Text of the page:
by Jian Ping
I went to New York City (NYC) over the Christmas weekend with my husband Francis and daughter Lisa. I lived in NYC for five years in the late 80s and early ‘90s and have always cherished a special feeling for the Big Apple. Ever since I moved to Chicago in 1994, I have visited NYC two or three times a year.
This time, we made our plans for a short excursion to NYC in early December, flying over on Friday, Christmas Eve, and returning on Sunday, right after Christmas. As time drew close, we heard the forecast of a snowstorm, but took off as scheduled nevertheless.
Manhattan always generates a kind of unique buzz and vibration, one that always make me feel excited the moment I enter the city. The pace of people moving in streams, the noise of speeding cars, and the voices of different languages heard on the streets—nowhere else is as dynamic as NYC. For me, I also loved the sweet smell of roasted peanuts, chestnuts and almonds, permeating the air from street vendors’ wheeled carts.
We set out to walk along Broadway right after checking into our hotel in midtown. The sky was blue and the sun casted a nice golden glow on the buildings. The Broadway theatres all went dark on Christmas Eve, so we had a casual meal at “Korea Town” on 33rd St, followed by a couple of rounds of bowling games at a midtown bowling alley, and finished the day by watching How Do You Know, a newly released film at the AMC Theater on 42nd St. The following day, the sun disappeared, but the day was pleasant. I jogged along Fifth Avenue early in the morning and checked out Rockefeller Center’s Christmas tree and ice skating ring and made a small loop in Central Park. We watched Brief Encounter, a Broadway play, in the afternoon and had a wonderful dinner at a French Bistro on
Spring St. in the evening. On Sunday morning, the clouds were low when I went out jogging. By the time we walked out of our hotel shortly after 10 am, flurries of snow began to dance in mid air, seemingly non threatening. With each passing hour, however, the snowfall intensified and the wind picked up speed. We enjoyed a wonderful Broadway Musical: Women on the Verge of Nervous Breakdown, behind closed doors. At the time, I didn’t anticipate I would soon reach that point of near breakdown, albeit for totally different reasons. Several inches of snow covered the ground when we came out of the theatre. Before we finished our dinner that evening, we received United Airlines first notice of our flight cancellation. Lisa called United and after 40 minutes, rebooked our flight on Monday morning, which, before the end of the day, was cancelled again. Back at our hotel room, Lisa used two cell phones to call United, trying hard to reach a representative. 30 minutes later, she managed to book us on a 3 P.M. flight, also on Monday. The city was buried in snow the next morning when I went to an off-site gym to work out. Since moving around the city was difficult, we went to watch another movie, King’s Speech, during the day. However, soon after the movie started, I checked my vibrating BlackBerry. Sure enough, just as I feared, another notice came from United for our flight cancellation. When I finally got hold of a United representative over the phone two hours later, I was told we couldn’t get booked on any confirmed flight until Thursday, December 30th! No begging or plea or breakdown would get us anywhere. Since I had meetings lined up both for Tuesday and Wednesday in Chicago, we decided to take an Amtrak train to Washington D.C. and fly back to Chicago from there. Lisa decided to work out of her company’s New York office and stay with her friend until Thursday, so we took her and her friend Yeye to dinner at an Italian Restaurant before heading to the Penn Station.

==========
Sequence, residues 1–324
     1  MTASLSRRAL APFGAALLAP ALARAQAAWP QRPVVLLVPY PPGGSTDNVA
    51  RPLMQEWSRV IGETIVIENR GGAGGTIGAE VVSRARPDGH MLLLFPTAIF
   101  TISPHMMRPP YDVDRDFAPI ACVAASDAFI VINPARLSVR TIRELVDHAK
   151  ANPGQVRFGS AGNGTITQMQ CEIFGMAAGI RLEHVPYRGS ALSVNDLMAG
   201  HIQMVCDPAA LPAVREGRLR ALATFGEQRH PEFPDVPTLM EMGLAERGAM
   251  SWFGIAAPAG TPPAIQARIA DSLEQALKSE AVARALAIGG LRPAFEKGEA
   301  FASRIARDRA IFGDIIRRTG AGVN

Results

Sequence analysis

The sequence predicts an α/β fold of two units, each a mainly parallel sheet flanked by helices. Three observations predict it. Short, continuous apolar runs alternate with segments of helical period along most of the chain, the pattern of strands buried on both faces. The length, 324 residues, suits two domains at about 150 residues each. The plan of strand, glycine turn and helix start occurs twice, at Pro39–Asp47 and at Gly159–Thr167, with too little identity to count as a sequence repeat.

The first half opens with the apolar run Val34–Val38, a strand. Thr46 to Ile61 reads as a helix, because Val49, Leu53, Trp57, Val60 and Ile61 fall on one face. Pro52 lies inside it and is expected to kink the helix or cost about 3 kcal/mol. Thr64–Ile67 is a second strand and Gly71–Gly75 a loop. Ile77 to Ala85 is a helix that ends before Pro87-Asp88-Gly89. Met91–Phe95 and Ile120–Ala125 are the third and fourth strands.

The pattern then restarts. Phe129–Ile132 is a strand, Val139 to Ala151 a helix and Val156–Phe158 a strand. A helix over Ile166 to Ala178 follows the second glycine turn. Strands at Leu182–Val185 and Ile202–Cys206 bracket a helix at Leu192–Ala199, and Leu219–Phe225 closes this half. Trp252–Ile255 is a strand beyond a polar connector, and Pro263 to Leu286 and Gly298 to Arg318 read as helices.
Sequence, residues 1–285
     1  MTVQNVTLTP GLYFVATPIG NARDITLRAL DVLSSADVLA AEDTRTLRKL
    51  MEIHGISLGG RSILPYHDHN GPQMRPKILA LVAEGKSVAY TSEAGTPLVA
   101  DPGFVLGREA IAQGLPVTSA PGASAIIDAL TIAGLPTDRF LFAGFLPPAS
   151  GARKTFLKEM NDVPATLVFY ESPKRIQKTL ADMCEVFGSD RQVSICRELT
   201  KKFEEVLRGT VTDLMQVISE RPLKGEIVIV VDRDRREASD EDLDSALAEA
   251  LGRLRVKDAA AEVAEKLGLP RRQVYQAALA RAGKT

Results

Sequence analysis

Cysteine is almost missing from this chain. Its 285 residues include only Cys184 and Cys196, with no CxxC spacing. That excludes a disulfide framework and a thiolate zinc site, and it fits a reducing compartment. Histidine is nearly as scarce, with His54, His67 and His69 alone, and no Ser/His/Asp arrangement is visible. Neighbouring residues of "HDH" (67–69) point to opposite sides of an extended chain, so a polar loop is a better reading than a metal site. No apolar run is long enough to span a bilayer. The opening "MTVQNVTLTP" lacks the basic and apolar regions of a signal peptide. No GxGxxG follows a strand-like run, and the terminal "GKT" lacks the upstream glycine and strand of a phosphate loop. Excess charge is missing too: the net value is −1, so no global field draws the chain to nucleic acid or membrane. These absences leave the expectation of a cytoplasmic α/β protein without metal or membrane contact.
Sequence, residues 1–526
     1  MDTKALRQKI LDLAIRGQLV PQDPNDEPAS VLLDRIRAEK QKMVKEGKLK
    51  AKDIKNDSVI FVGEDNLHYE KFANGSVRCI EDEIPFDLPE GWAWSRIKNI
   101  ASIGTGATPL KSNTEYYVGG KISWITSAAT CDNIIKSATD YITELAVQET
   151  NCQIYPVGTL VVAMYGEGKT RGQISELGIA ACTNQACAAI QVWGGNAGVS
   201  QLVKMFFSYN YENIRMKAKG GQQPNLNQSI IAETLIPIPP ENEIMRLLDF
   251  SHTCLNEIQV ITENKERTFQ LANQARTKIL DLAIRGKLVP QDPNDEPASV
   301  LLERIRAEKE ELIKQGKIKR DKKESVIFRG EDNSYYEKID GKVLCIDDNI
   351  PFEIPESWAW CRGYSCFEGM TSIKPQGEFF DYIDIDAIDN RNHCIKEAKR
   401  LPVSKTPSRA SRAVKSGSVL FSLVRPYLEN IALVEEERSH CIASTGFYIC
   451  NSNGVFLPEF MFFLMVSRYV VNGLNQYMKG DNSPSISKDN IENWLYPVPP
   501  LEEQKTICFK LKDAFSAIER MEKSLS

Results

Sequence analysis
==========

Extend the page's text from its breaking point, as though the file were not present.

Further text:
Postings of delayed trains covered the board and the crowd in the train station made me feel as if I were in China. Our 8:05 P.M. train to Washington D.C. arrived after 10:30 P.M. and on our way to Washington D. C., it continued to get further delayed. By the time we arrived at the Capital, it was 3 o’clock in the morning. The line for taxi appeared to be half a mile long and there were not enough taxi available at the wee hour. I watched in disbelief as cab drivers picked customers, leaving behind those who were not going longer distance. We had to team up with two other passengers—also travelers stranded in NYC, and like us, took the detour to go to Chicago—to convince a driver to take us to the Reagan Airport. Eventually, after on the road for nearly 10 hours, we boarded the first flight to Chicago at 6 A.M.
What was most unbelievable for the trip was not only the intensity of the blizzard, but also the inefficiency of the city government in dealing with it. 48 hours after the storm hit, I didn’t see a single snow removing vehicle on the streets in Manhattan. I’m not talking about side streets, but major avenues and squares such as Broadway, Fifth Avenue, and Times Square! Everywhere I turned to, I saw cars spin or stuck on ice and snow, and pedestrians transverse over slush of icy water and compacted snow. Despite the warning, the city didn’t seem to have made any preparation. Two days after the storm, flights out of the three nearby airports continued to be cancelled. New York Mayor Michael Bloomberg announced that he took responsibility of the city’s slow response and committed to remove snow from every street by Thursday. What was he doing earlier? I wondered.
The experience made me appreciate the efficiency of snow removal in Chicago so much more!